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More details emerge of agents expelled by The Property Ombudsman

On Friday afternoon Letting Agent Today broke the news of four letting agencies being expelled by The Property Ombudsman - and now more details have emerged of the issues that lie behind the expulsions.

The decision to expel the companies follows complaints made against them by landlords and tenants. In three of the cases, rent totalling over £9,000 had not been passed to the respective landlords.  

iLettings UK, which handles predominantly small properties and room lets, failed to comply with parts of the TPO Code of Practice and failed to co-operate with the investigation following a complaint and to date has not paid an award made of £350.


The complainant submitted three separate issues for review by the Ombudsman relating to unsatisfactory condition of the property, alleged libel and defamation via private messaging on social media and poor handling of the complaint. 

The Ombudsman did not support the complaint that the agent failed to carry out repairs to the property, since the responsibility to ensure the property was in a fit condition was the landlord’s.  There was no evidence to suggest that this liability had been transferred to the agent.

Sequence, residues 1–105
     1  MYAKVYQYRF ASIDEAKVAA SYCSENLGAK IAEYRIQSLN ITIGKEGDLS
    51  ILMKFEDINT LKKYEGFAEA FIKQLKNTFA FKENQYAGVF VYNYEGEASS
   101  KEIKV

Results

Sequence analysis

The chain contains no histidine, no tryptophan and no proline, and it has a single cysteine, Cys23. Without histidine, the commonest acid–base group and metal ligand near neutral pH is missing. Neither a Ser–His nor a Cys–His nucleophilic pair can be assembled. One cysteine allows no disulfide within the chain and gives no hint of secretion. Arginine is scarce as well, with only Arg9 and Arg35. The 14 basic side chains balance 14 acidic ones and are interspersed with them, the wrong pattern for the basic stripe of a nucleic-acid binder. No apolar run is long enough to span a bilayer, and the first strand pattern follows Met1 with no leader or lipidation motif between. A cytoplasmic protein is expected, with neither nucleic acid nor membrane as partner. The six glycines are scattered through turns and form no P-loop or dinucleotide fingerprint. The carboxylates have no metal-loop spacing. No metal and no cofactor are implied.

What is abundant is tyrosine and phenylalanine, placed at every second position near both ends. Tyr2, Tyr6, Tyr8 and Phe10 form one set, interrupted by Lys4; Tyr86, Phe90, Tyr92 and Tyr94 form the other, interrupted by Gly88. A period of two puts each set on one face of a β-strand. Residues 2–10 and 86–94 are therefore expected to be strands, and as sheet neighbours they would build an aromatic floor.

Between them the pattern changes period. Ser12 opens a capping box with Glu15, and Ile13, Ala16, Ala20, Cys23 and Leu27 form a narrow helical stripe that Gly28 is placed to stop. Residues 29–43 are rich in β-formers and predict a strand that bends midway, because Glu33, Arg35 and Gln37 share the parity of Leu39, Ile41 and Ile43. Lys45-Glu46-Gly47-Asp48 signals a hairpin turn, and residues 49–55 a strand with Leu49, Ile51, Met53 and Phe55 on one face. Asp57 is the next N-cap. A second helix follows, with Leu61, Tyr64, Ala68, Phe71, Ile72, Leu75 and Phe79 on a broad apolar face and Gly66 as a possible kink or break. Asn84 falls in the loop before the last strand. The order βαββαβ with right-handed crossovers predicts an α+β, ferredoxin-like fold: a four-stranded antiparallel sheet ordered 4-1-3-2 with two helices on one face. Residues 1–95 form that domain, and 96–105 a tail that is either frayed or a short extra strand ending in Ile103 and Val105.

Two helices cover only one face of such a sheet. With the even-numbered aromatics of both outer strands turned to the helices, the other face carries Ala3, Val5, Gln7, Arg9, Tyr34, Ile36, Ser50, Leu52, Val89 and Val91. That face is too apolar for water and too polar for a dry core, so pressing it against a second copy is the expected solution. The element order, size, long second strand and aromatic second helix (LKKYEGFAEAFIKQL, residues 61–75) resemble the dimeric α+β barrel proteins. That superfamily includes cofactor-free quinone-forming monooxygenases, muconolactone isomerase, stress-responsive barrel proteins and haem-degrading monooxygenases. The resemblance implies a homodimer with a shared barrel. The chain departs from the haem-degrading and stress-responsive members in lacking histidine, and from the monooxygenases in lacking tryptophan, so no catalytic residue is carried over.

The Ombudsman was also unable to make a judgement as to whether iLettings UK had libelled or committed defamation: that would be a matter for a Court to decide.  

However, from the correspondence provided, it was clear the language and tone used by iLettings UK was not always appropriate nor of the polite, courteous manner expected of a TPO agent.  

The Ombudsman was critical of iLettings UK’s overall handling of this complaint, stating “Whilst dealing with a complaint, I expect any agent, no matter how difficult they found their dealings with a complainant, to act objectively and professionally in an attempt to resolve the situation.”

Clapham Lettings Ltd (which traded as Nelsons), a sales and lettings agent based in Clapham, London SW4, failed to co-operate with the Ombudsman’s investigations into two separate cases and pay awards totalling £600. The complaints related to monies owed -  about £6,800 in rent and deposits.  

Clapham Lettings covered only one of the three offices under the Nelsons brand, and no longer seems to be trading. The other Nelsons branches are operated by separate companies with separate TPO membership which is not affected by this decision. 

The first complaint was by a tenant who said Clapham Lettings had not passed on his deposit or initial rent payment to the landlord. The Ombudsman upheld the complaint and ordered the company to pay over £4,000 to the landlord as well as £250 to the tenant in compensation.  

The second complaint was from a landlord owed over £2,800 in rent, which tenants had paid to the agent as proved in a rent statement, but the agent had not passed on. The tenant also noted that Clapham Lettings did not respond to his formal complaint, which they were obliged to do under the terms of their TPO membership. As well as ordering Clapham Lettings to hand over the rent, the Ombudsman made an award of £350.